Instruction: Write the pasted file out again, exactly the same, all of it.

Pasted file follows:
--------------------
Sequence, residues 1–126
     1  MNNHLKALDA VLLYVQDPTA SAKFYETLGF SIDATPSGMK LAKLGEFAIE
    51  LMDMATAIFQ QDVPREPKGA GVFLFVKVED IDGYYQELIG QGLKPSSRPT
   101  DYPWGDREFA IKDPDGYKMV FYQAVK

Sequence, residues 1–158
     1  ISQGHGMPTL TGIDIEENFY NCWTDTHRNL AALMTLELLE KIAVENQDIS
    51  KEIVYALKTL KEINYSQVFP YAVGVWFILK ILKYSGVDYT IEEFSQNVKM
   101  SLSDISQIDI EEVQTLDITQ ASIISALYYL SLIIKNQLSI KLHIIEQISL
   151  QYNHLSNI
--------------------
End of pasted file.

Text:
Sequence, residues 1–126
     1  MNNHLKALDA VLLYVQDPTA SAKFYETLGF SIDATPSGMK LAKLGEFAIE
    51  LMDMATAIFQ QDVPREPKGA GVFLFVKVED IDGYYQELIG QGLKPSSRPT
   101  DYPWGDREFA IKDPDGYKMV FYQAVK

Sequence, residues 1–158
     1  ISQGHGMPTL TGIDIEENFY NCWTDTHRNL AALMTLELLE KIAVENQDIS
    51  KEIVYALKTL KEINYSQVFP YAVGVWFILK ILKYSGVDYT IEEFSQNVKM
   101  SLSDISQIDI EEVQTLDITQ ASIISALYYL SLIIKNQLSI KLHIIEQISL
   151  QYNHLSNI